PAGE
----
The college type

Yesterday I applied for another job. Yes, I am still on the hunt. I still have the boring task of seeking salaried employment, with slightly less desperation but equal amounts of post-application stress disorder.

For yesterday’s application, one of the items on the person specification was “keyboard skills”. I wanted to adopt a Will Ferrell pose, hand on hip and one eyebrow raised, and say, “Yeah, I tinkle a few ivories, in my own classical, yet syncopated, infantile way.” And then I thought that would be super-lame. (And that’s different from everything else I say, how?)

I then realised that I do have some mean keyboard skills. I have worked on PCs, Macs, laptops, word processors, electronic typewriters, electric typewriters and, way back, I learnt to type on an ancient, massively heavy manual typewriter.

Working on those machines, I developed muscles in my fingers in places where I didn’t know I had places. When we made mistakes, we had to use typewriter erasers and backspace the heavy machinery before retyping the letter. When we typed to the end of a line, we would grab the return lever and push the carriage way to the left to start a new line. We had to take out indemnity insurance in case the machine fell and crushed us to powder. It would.

And all of that took me back to my year at commercial college after I finished my first undergraduate degree. I went, kicking and screaming, into that college year at the insistence of my parents. I honestly felt it was beneath me to do a course that taught me typing and bookkeeping when I had a university degree. How embarrassingly arrogant was I? My parents thought it would be a good and practical idea. I hate to say it, but they were right.

Not only did I have fun there, but I learnt skills that I have used in every job I’ve had. I learnt shorthand, which I still use today when I interview people. I learnt touch-typing, which has been useful regardless what machine I have been typing on. And I met two characters who will stay with me forever. Let’s call them Mr M and Mrs P.

Mr M was our book-keeping lecturer. He arrived at college every day in his smart three-piece suit and hair neatly parted. He had a gap between his front teeth that caused him to whistle every ‘s’ through the lecture room. He would close his eyes, nod his head slightly and say, “Ladiessssss, ladiesssssss, ladiessssss!” (We were only females in the class – it was the 80s and it was Zimbabwe).

He would explain everything to us in precise detail, and we would practise and practise until we got it right. In bookkeeping there is no room for error, so being kind of right was never an option.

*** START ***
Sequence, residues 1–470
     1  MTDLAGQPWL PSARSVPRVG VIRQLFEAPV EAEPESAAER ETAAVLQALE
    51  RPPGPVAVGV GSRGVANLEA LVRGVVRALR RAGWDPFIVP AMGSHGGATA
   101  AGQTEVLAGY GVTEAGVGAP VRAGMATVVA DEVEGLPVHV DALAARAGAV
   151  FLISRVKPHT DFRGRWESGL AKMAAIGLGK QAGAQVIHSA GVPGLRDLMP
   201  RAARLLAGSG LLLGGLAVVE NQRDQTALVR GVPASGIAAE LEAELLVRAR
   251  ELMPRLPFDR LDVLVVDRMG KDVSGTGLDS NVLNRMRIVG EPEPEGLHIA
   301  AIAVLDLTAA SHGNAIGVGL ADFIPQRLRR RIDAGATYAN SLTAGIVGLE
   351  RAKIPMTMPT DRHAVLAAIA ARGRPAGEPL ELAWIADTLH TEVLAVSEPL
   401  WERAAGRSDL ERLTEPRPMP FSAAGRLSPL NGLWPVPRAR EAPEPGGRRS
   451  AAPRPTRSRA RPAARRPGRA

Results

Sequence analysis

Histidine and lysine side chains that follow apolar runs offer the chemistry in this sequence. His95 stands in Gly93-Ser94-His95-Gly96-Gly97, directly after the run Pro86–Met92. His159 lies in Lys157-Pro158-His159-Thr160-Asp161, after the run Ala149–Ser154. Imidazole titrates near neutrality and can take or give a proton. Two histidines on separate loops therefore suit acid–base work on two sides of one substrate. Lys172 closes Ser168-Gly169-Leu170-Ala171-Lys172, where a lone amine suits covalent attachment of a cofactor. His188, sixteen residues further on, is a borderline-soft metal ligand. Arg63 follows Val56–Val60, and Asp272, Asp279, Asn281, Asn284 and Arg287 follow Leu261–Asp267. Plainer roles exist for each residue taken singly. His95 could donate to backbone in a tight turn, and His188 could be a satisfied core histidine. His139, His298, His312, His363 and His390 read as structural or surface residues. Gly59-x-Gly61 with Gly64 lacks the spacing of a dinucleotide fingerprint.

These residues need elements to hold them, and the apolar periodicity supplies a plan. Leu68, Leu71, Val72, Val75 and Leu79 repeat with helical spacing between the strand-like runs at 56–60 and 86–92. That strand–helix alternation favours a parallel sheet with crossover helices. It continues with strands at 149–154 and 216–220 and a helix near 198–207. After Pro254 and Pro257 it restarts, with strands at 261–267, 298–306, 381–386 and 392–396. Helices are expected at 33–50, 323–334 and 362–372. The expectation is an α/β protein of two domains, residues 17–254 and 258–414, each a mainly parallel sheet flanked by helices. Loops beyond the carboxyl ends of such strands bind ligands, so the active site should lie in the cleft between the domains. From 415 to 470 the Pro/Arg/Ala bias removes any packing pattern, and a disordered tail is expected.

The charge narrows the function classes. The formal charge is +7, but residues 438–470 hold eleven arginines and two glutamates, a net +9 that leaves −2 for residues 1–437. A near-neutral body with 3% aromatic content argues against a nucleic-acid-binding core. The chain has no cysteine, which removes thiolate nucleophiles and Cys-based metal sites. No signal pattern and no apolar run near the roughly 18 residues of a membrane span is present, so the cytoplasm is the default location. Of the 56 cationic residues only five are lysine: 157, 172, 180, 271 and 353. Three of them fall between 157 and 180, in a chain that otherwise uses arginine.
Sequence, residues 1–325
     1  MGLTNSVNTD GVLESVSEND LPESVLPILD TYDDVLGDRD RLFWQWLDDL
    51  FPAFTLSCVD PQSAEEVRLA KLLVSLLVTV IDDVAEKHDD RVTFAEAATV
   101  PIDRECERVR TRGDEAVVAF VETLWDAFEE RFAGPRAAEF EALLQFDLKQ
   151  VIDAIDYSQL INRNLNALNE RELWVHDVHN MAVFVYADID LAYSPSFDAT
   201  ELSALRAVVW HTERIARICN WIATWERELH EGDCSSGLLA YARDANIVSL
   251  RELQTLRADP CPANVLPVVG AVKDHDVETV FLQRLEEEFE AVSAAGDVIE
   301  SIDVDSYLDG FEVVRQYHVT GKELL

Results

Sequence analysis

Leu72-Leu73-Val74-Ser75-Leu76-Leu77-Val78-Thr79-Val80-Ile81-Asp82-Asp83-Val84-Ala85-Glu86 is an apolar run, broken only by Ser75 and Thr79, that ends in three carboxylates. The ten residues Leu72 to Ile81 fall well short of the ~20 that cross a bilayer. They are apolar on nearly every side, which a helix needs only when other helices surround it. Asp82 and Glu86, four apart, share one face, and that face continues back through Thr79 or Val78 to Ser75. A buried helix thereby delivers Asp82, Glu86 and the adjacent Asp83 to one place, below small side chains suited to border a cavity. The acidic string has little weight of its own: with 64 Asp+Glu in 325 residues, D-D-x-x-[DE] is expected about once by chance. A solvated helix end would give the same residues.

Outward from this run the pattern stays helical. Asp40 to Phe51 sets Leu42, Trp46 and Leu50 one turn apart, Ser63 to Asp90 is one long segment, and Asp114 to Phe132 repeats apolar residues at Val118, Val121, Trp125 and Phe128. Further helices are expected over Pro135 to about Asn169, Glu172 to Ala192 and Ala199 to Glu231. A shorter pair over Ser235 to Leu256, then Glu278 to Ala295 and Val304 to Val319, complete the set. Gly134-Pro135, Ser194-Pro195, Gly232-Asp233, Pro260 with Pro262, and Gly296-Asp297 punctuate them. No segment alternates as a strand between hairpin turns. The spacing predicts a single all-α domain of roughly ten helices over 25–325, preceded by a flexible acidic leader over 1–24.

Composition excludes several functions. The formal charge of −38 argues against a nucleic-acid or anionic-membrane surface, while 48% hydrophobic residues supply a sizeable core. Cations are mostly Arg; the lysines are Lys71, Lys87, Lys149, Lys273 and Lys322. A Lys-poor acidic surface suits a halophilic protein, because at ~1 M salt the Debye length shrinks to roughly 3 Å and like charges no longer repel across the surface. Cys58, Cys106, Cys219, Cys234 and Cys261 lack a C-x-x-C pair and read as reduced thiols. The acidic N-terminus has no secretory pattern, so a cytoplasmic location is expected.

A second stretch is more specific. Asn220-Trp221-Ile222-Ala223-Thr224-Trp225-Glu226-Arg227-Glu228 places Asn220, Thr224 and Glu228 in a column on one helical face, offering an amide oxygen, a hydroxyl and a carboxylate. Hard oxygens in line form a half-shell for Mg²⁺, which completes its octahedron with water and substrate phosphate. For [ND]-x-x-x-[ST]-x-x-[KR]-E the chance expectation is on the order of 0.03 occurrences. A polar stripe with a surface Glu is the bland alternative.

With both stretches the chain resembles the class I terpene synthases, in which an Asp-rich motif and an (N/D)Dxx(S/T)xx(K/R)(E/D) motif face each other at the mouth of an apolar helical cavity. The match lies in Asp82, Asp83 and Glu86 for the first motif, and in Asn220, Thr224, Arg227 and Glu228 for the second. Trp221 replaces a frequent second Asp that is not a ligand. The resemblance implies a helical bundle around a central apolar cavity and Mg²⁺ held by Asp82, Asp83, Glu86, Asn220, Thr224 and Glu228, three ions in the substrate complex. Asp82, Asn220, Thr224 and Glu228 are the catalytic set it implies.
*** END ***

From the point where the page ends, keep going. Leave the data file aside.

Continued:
We had no Excel spreadsheets or any other programme that would work things out for us. We had no calculators or adding machines. We had to work with ledgers and journals, make credit and debit entries, and make the columns balance. All by ourselves. In our heads. I know the accountants and bean-counters out there will be tapping and trilling the tips of their fingers together in delight, but really – it wasn’t as much fun as it sounds.

Mr M would get exasperated with us “ladiesssss”. And he would be delighted when we got things right. Then he would say, “That is execkle what I am tokking about!”

One of my classmates would get equally exasperated with Mr M. She would battle with the concepts and try and make her columns balance. And then she would yell out, “Yussussss, Mr M! I can’t do this!”

Our office practice lecturer was Mrs P. She wore faded cotton frocks that were tightly belted with full round skirts. She wore her hair in a bun and wore pointy spectacles. Seriously. She had stumbled across a fashion style in the 1950s and heck, if it ain’t broke, why fix it? She stuck with that fashion forever.

Her hair was so tightly squeezed into a bun, I was sure sometimes she had grabbed some scalp along with her hair and tied it right in with the bun. That usually explained the raised eyebrows and ears that moved round the back of her head. And a constant, scary grin.

She would totter around in her sling-back heels, occasionally tottering over, and tell us about what good office practice entailed. She would also regale us with tales of her and her husband’s other life in Spain, but that’s material for another day.

She would always start the day with, “A-kay, ladies! Today we’re going to talk about how to watch paint dry. A-kay? Any questions? Good,” and she would then ramble on and on. None of us really listened. We just watched. I think the tight bun prevented her from forming the letter ‘o’.

I left college that year with a diploma in hand, a bunch of valuable skills and a plate full of humble pie. I hated it when my parents were right.

Sunshine signing off for today.